Sara caught her breath. She didn’t think she had ever been to dinner in a more beautiful setting. Beyond the table, the view stretched to the horizon, showing a deep indigo sea beneath a sky which was still streaked with crimson and orange. The beach spread below them like a blanket of pale grey and, in the distance, the dark silhouettes of the clifftops formed a dramatic cut out against the evening sky.

The shrill call of a seagull rang out close by and, beyond it, Sara could hear the soft murmuring of the ocean. A breeze stirred her hair, fanning the tendrils away from her face and bringing a whisper of goosebumps across her bare arms.

She sat down and sighed with contentment. “Summer Beach is so incredibly beautiful. I don’t know how anybody who has been here could ever leave.”

“Well, hopefully sometimes they don’t.”

Sara looked quickly at him, but Craig’s blue eyes were in shadow and she couldn’t read the expression in them. Had she heard him right? Or was she just reading extra meaning into his words? Feeling a blush tinge her cheeks, she hastily pulled the menu towards her and flipped it open, just to give herself something to do.

“A man I met on the plane said I must try the yabbies here,” Sara commented, scanning the items on the menu. Everything sounded delicious. She didn’t know how to begin to choose.

“Yabbies?” Craig made a face. “Yeah, they’re a house special here, but I’m not a huge fan of them myself. Order them if you like, though.”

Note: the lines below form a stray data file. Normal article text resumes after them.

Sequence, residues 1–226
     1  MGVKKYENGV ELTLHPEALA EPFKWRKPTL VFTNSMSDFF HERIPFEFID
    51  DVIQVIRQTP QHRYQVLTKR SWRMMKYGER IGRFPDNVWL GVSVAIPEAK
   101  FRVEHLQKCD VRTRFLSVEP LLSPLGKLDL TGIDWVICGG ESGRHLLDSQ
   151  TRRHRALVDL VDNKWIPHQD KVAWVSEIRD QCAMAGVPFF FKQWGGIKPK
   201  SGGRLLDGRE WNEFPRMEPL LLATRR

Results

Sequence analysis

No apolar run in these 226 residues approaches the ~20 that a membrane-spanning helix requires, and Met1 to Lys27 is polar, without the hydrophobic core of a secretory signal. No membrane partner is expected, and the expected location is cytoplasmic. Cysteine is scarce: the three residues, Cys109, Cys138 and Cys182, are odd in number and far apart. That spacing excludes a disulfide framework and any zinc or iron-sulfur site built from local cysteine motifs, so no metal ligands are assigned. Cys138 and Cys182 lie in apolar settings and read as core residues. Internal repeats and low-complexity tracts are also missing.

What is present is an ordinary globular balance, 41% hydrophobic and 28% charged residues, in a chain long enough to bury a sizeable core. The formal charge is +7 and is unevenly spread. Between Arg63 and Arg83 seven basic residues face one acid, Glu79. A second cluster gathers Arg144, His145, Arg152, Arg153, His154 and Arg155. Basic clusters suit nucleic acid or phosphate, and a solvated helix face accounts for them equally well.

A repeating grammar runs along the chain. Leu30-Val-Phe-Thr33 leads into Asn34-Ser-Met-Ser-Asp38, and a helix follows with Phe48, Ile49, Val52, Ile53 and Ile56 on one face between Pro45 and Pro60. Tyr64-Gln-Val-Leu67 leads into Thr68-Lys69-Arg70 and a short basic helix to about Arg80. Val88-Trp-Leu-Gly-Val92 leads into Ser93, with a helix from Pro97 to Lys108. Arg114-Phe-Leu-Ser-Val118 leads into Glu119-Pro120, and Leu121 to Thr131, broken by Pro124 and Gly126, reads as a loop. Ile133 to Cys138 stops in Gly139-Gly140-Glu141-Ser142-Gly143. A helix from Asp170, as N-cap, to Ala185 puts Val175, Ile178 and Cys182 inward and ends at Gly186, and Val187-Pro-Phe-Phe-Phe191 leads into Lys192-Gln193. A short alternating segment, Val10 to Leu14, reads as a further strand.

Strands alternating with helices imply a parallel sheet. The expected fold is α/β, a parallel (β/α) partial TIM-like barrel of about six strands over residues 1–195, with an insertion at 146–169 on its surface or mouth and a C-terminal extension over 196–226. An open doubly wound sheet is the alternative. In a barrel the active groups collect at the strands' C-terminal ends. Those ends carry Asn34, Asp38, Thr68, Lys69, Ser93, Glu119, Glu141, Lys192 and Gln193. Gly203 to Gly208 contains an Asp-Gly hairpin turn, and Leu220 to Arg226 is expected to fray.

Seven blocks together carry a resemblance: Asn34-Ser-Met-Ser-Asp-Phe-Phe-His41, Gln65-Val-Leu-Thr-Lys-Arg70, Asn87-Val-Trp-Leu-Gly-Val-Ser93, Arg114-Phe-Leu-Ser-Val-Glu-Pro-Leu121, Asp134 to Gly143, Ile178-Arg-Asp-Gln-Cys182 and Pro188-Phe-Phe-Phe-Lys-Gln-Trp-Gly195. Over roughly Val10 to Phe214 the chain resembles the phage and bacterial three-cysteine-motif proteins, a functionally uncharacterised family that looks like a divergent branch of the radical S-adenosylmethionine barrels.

“You know what?” Sara smiled, pushing her menu towards him. “I’m just going to let you order everything.”

Craig raised an eyebrow, then gave her that grin again. The one that turned her insides to mush. Sara didn’t know how she could have ever found Jeff’s fake smile attractive. That was a pale imitation of the real thing on this man here.

“Do you like fish?” he asked.

Sara nodded. “As long as they’re not raw.”

“Okay, how about some barramundi? One of the best Australian fish. Really tender, moist white flesh. And maybe calamari and some bread dips to start?” He picked up the wine list. “What do you say to a Hunter Valley
cabernet sauvignon

Sara smiled. “It all sounds great. I can’t wait.”

“Well, I’m glad you’re not one of those girls who insists on only eating lettuce salad,” said Craig.

“Maybe I
be more like that sometimes,” muttered Sara, looking ruefully down at her figure.

“You’re perfect just as you are.” His blue eyes were serious.

Sara stiffened as memories of Jeff’s words on breakfast TV came back to her.
“I love her just the way she is.”
She looked at Craig. Did any man ever really mean those words? Or was it always just a throwaway line, a thing they said because they knew that was what women wanted to hear?

“G’day, Craig—haven’t seen you round for a while.”

They both looked up as a girl in a black waitress outfit came over to their table, pen and pad poised. She had the most incredible dyed hair—a shade of bright bubblegum pink—and a scary-looking silver spike through one eyebrow, but her smile was wide and friendly. She eyed Sara with open curiosity.

Craig smiled at her. “Hi Kylie. How’ve you been?”